Or, at least, make it available to the shared plan. I can considere investing time and efforts to migrate from good old RDMS paradigm to Graph based databases, but I can’t decently spend so much money and resources to build an advanced proof of concept.

Many developpers will agree on that point.

In my case, as a result it’s a no. I hope that you will change your mind about it, Dgraph sounds really promising.


Just to tackle this point. The shared instances start at $9.99/mo. One can spin up multiple of those as needed, each instance acting like a graph silo, to get MT. This would still be cheaper than running an Amazon RDS or equivalent.

So, since it’s unclear with the princing page, what would be the cost of a shared instance with only MT enabled ? On what criterion that price is based on ? You must have an idea. And if you have an idea, why not filling the product page with this critical option cost ?

My guess is that you know that this feature is essential, and you try to convince your users to become customers, or your customers to spend more and become better customers. You run a business, you need to get more customers and free users doesn’t pay bills.

But the cost of getting your product is not only the per month price. It’s time investment, employees training, many trials and errors. And before knowing if it will worth the investment, you must allow your users to be able to produce some proof of concept to convince their company, or themself, that your product is the way to go. Since it’s not very clear what would be the cost of the minimal features that you can provide, and that any serious DBMS natively provide, even in open source world, you may discourage users to only considere your product.

If you ease the creation of PoC for your users, you will get more customers.


We are currently considering DGraph as an option to switch stack from PostgreSQL / Clickhouse to Graph Database / Clickhouse bundle.

MT as open-source option would definitely favor the decision to choose DGraph. I would share the thought process here.

While having MT as open-source would be great we are ok with writing our own crutches to patch the functionality we need. The main question is whether you plan to provide all the performance / clustering / core functionality as open-source (machine learning features down the road included).

The sensitive nature of the data we work with limits us to hosting it ourselves. On the other hand both for me and co-founders of fellow startups the speed of development is more important than costs associated with cloud offerings. Ease of setup is the major driver for using managed k8s for example.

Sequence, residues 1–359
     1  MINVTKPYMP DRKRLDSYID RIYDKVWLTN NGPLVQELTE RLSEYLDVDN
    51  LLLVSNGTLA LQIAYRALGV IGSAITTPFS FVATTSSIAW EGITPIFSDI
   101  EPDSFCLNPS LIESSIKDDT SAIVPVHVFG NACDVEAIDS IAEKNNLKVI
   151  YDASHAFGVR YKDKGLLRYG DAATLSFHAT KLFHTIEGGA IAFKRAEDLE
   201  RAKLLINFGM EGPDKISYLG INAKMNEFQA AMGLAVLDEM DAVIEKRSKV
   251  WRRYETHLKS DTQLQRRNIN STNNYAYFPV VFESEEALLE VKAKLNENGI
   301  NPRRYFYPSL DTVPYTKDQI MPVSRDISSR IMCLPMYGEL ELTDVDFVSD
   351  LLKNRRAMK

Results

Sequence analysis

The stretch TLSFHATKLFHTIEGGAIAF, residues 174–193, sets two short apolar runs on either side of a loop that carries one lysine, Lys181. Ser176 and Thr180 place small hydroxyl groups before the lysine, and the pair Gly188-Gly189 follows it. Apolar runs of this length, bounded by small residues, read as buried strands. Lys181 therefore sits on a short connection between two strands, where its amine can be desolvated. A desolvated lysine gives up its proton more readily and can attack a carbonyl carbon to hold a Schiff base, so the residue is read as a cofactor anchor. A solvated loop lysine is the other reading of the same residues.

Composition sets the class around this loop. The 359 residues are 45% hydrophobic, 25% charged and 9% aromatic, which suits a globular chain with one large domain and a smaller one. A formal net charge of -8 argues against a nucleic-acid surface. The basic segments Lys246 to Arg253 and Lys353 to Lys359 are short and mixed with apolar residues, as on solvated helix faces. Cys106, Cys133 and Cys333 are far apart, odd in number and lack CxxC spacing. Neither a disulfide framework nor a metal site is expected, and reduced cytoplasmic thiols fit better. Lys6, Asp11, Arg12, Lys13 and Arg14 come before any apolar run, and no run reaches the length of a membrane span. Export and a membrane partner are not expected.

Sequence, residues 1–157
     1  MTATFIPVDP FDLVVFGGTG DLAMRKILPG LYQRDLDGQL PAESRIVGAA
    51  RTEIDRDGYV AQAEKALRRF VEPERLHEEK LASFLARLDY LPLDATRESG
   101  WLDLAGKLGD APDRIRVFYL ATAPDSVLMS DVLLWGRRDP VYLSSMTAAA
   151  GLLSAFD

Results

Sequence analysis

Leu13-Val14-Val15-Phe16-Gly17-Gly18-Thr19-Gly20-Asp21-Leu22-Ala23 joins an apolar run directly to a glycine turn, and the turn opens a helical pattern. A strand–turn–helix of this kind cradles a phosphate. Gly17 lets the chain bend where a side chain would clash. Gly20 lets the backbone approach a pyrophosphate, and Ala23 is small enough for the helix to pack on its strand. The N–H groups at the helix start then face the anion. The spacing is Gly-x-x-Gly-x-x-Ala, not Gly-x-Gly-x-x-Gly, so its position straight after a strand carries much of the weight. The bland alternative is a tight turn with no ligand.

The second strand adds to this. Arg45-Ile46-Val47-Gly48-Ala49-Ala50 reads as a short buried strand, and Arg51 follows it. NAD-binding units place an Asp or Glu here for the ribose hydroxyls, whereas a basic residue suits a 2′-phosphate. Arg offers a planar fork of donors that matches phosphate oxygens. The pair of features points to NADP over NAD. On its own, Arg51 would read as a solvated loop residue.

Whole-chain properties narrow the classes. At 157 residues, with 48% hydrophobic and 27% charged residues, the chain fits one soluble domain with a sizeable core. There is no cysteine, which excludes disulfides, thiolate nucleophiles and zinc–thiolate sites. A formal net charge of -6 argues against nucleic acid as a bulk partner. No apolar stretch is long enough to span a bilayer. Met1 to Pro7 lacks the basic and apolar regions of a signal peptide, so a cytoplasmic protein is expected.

I believe you wouldn’t loose lots of DBaaS customers if you offer all the functionality in the open source version since from my experience lower maintenance cost of cloud offering is the decisive factor with faster development speed being the second most important. For those working with sensitive data and forced to manage the cluster themselves not having the functionality might be a major roadblock.

Personally, I would like to know what are the chances of core functionality being locked behind cloud offering since that is the main issue for us. Rolling our own MT / ACL while cumbersome is still possible.


I’ve been so excited about Dgraph, started my new project with it, and then I ran into this blocker.

I don’t need ACLs. I agree that ACLs make sense as an enterprise feature. I do however need to create multiple logical databases within a single Dgraph instance.

The workarounds suggested above won’t work for me:

  • I can’t host multiple Dgraph instances because my project will have 10000+ logically separate databases.
  • I can’t go the enterprise route because my project is open source.

I think this will be a blocker for many open source projects that want to integrate with Dgraph. Supporting other open source projects seems like it goes well with Dgraph’s 1st core value of “Be Open Source”.

If it would be approved, I am willing to do the work and submit a pull request to bring namespaces to the community version of Dgraph (without ACLs).

How would you secure namespaces without ACL? Essentially you could never allow someone to have access to change the schema for only their namespace without also giving them the access to change the schema for every namespace.

I don’t need to secure the namespaces, I just need logical separation. I need to be able to upload a schema for one namespace without blowing away the schemas for the other namespaces.